It’s just a question of availability and price


Replying to an invitation to share its thoughts on regulation in the communications sector, Google has written an open letter to the Australian communications minister, Malcolm Turnbull, outlining its recommendations for future intellectual property and downloads legislation. Its analysis is shared by many of us who have for some time been saying that so-called piracy is a question of availability and price, and one that cannot be addressed through draconian measures restricting the internet:

“We believe there is significant, credible evidence emerging that online piracy is primarily an availability and pricing problem. Google takes many steps to work with copyright owners to protect the rights of copyright owners online. We would encourage the Government to promote new business models and a free marketplace for legal purchasing of content. We would be disappointed if the Government decided to go down the route of overly harsh regulation to combat piracy without considering the evidence from around the world that this would likely be costly for business to implement and with little effect.”

It is increasingly obvious that the entertainment industry’s complaints have little to do with protecting content or those who create it, and are much more about preserving obsolete production and distribution systems, systems that need to be changed to solve the problem of people downloading content online. Google’s response shows that it understands the world we live in, while most governments are in the equivalent of the technological antipodes.

The entertainment industry’s arguments in this regard are always the same: that this is a complex matter and that there is no way to change the way things are done, and that furthermore, anybody who thinks differently is at best being simplistic and at worst is encouraging criminal activity by believing that “everything must be free”. It continues to argue that it is perfectly normal that a work that is available to half the planet is not available to the other half immediately, and that there is no big deal in waiting a month or so for films to be distributed in different countries. That only a fraction of the movies that have been made are available online, or that films are still not available months, and sometimes years after they have been released is simply the way things work. Similarly, we must also accept paying the same price to access works as in the pre-internet age, when manufacturing, logistics, and distribution costs have fallen dramatically over the last two decades. The fact of the matter is that none of these arguments hold water.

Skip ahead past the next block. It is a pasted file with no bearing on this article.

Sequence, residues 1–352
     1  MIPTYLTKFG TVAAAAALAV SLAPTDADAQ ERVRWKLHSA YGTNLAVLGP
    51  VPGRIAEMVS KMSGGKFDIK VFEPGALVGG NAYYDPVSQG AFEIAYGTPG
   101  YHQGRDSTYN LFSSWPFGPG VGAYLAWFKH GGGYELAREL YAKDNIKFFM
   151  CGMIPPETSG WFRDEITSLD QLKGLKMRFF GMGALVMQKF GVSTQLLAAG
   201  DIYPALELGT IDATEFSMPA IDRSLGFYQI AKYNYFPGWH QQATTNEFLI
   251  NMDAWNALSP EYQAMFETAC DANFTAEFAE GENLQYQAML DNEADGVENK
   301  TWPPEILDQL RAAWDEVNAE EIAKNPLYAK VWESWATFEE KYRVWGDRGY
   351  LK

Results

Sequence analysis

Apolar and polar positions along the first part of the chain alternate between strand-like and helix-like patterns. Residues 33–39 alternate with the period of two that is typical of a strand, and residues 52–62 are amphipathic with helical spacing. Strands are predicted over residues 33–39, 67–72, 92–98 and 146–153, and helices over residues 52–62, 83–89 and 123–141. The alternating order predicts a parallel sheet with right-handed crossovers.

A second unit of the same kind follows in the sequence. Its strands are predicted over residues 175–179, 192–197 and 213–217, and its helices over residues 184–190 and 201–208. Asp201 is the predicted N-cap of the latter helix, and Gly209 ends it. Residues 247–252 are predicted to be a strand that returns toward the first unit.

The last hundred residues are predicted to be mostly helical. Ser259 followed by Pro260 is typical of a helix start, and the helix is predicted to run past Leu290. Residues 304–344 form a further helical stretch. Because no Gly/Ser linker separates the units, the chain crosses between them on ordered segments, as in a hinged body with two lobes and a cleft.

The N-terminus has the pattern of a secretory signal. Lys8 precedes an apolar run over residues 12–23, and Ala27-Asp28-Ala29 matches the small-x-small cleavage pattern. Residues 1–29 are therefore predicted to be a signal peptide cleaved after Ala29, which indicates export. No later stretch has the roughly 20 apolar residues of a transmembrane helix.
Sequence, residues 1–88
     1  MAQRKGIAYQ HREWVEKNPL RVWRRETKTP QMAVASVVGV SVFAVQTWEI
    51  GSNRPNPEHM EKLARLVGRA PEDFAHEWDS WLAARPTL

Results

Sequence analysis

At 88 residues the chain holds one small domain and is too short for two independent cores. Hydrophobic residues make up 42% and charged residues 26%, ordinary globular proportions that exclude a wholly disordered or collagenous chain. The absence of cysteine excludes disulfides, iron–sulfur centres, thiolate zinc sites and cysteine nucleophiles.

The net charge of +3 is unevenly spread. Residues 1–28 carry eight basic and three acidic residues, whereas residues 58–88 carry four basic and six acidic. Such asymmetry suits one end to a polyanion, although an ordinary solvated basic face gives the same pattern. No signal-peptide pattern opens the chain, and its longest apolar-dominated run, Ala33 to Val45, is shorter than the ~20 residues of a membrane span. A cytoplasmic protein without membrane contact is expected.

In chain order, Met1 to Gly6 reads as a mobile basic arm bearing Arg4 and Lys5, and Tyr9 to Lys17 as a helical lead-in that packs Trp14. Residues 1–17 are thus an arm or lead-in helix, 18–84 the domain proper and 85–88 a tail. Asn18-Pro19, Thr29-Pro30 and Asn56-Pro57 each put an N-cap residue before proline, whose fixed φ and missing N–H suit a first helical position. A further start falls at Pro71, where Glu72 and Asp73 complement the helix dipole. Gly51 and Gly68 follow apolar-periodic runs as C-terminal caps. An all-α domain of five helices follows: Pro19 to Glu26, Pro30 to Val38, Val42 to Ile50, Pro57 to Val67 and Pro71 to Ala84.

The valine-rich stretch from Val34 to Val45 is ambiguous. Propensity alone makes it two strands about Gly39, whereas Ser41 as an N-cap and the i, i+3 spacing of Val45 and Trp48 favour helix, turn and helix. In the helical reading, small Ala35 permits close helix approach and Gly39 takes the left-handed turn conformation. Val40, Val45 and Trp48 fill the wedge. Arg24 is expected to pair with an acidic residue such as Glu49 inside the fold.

And yet, undeterred, the entertainment industry continues to trot these untruths out, at the same time as using lobbies to pressure governments around the world, that, either through ignorance or corruption, are happy to pass tougher and tougher laws that have absolutely no impact.

If you are not able to give your customers what they want, when they want it, and at the price they want it, then you have a problem, not your customers. If, furthermore, you continue to insist your problems are caused by wrongdoers, pirates, and thieves, you are living in a fantasy world. And if, to make matters worse, you insist on lobbying governments to create a punitive legislative framework that allows you to pursue, fine, and send your customers to prison, you are probably borderline psychotic.

In short, the problem with the content industry is not the pirates out there, but the incompetents within it.


(En español, aquí)